Last year, I made a huge mistake. I purchased a marketing automation platform (I won’t name names, but it rhymes with harpstring) for our company and wasted a lot of time, money, and effort in implementing something that, ultimately, failed. I know I’m not the first person who’s ever made a bad software decision, but I hope that anyone who reads this blog post can learn from my mistake.

 

Made just for you.

My first mistake was not assessing the market that the product was built for. In this case, the software was designed for a completely different set of users, but I was enticed by the cool feature set. Without getting into further detail about why this product was a bad fit for ServiceTrade, I learned that you MUST consider the following when buying business software with large feature sets:

Is this software developed for a market or industry that is specific enough to support my company, but broad enough to support innovation and growth?

For example, there are quite a few field service management applications out there, but some of them, like ServiceTrade, are built specifically for service contractors as opposed to internal field service divisions of large companies like Comcast. Furthermore, some are built for commercial contractors, (again) like ServiceTrade, while others are built for residential contractors, like ServiceTitan or Jobber. Because these platforms are designed for targeted markets, new feature development will benefit their customers that fit their market definition. These target markets are also large enough to support ongoing innovation and growth.

On the other hand, there are software companies that target markets that are too niche. For example, we’ve seen broad business applications that attempt to target smaller industries like fire protection or kitchen exhaust cleaning companies. Yes, some of the features they offer are very unique and fitting for the industries they serve, but these platforms will not innovate as much as a competitors targeting a larger market. These applications also represent a risk because there is a chance that they will not make it in such a small niche.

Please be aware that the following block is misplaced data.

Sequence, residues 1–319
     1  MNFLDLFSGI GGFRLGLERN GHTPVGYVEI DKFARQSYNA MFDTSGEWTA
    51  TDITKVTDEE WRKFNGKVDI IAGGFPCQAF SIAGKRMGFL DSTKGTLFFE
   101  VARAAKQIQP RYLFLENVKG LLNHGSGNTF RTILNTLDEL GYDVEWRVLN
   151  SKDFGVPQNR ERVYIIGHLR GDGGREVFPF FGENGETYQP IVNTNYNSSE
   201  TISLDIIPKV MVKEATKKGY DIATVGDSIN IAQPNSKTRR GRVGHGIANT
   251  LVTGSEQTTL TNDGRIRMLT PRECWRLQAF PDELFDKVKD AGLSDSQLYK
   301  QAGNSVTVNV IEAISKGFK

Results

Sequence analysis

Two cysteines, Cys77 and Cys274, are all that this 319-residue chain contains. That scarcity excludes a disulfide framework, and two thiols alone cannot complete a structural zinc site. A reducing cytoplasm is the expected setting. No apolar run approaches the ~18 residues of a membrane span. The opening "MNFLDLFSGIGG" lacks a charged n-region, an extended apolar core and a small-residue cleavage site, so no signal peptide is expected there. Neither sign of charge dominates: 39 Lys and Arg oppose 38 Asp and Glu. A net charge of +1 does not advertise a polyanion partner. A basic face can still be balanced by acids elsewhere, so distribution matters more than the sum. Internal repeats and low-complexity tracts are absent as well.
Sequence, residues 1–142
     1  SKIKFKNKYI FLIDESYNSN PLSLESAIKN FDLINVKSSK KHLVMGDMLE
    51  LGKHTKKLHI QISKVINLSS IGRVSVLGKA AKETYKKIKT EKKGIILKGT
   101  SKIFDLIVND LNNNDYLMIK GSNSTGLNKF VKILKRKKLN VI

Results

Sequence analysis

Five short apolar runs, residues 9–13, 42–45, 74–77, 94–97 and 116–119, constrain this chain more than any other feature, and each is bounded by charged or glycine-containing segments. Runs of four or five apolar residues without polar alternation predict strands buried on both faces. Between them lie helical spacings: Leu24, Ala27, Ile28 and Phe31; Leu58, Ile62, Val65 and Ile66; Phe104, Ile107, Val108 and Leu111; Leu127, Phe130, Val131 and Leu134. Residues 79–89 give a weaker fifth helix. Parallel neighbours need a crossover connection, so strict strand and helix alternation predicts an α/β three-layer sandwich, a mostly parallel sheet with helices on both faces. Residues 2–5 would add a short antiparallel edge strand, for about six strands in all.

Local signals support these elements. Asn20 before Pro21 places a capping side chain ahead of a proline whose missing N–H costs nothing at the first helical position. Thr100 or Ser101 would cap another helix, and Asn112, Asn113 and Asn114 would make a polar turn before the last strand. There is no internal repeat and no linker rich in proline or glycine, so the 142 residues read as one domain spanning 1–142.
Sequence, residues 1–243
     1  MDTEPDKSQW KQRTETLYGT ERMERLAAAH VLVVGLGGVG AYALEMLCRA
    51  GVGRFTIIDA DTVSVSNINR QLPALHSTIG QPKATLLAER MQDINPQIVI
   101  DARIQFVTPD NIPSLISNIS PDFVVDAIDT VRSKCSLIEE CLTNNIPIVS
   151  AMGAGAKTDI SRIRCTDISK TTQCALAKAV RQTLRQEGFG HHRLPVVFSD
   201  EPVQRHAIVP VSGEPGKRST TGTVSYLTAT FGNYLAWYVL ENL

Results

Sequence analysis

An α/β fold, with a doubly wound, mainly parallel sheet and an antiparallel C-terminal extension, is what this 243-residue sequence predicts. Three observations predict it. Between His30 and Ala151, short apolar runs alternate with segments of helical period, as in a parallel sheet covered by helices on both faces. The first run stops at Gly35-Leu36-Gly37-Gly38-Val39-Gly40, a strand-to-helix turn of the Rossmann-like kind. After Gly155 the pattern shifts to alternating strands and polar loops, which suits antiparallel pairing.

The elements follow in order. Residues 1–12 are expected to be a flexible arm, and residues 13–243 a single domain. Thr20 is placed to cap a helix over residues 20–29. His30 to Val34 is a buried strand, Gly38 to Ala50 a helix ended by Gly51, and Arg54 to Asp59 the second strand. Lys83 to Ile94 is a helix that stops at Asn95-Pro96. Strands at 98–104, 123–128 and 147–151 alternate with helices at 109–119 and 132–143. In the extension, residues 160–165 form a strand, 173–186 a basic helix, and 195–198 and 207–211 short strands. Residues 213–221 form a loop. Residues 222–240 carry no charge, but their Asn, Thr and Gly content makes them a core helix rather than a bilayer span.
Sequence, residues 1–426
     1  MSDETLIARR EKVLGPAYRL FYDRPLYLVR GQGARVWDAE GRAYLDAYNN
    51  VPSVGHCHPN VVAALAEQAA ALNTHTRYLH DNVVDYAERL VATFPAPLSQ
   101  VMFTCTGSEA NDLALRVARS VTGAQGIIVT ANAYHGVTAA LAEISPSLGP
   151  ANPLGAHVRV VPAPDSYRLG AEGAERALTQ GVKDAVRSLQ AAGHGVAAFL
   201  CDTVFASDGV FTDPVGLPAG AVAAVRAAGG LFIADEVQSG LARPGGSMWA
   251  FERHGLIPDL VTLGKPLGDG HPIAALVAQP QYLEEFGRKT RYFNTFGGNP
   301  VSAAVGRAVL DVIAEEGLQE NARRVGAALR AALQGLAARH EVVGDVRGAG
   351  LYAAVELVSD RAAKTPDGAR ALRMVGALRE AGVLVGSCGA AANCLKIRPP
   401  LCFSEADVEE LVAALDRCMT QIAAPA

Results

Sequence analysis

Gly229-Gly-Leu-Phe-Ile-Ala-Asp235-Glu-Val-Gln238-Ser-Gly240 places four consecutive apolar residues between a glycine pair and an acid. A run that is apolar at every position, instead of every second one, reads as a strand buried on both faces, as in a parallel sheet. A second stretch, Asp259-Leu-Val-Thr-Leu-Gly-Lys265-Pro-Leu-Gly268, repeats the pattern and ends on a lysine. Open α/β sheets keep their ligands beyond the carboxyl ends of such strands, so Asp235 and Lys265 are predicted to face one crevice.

All in one? The all will be small.

We’ve preached this point over and over again, yet I still got caught by this trap. The product I purchased offered CRM functionality in addition to the marketing automation I was looking for. As it always does, the all in one was too good to be true. Because the feature set was so broad, none of the features performed at the levels of competitive products.

The idea behind an all-in-one software is interesting, but the features always fall short in practice. Take a look at your smartphone. How many apps do you have? Just one? Of course not. Why would you expect the same from your business applications?

We speak with commercial service contractors on a daily basis that are searching for the mythical unicorn that is the perfect all in one. It doesn’t exist. Any product that claims to be one will disappoint you. This includes bolt-on modules to your accounting system.

Modern applications are designed to coexist in an integrated ecosystem that allows them to communicate the necessary information with each other while excelling at their core competencies. In other words, best-in-breed applications that can integrate will outperform all-in-one software.

 

What’s the big idea?

When considering a software application that my company would be using for years to come, I failed to consider the long-term vision of the product. As it turns out, the vision for the product was completely misaligned with my expectations which led to disappointment when I realized new features didn’t benefit me.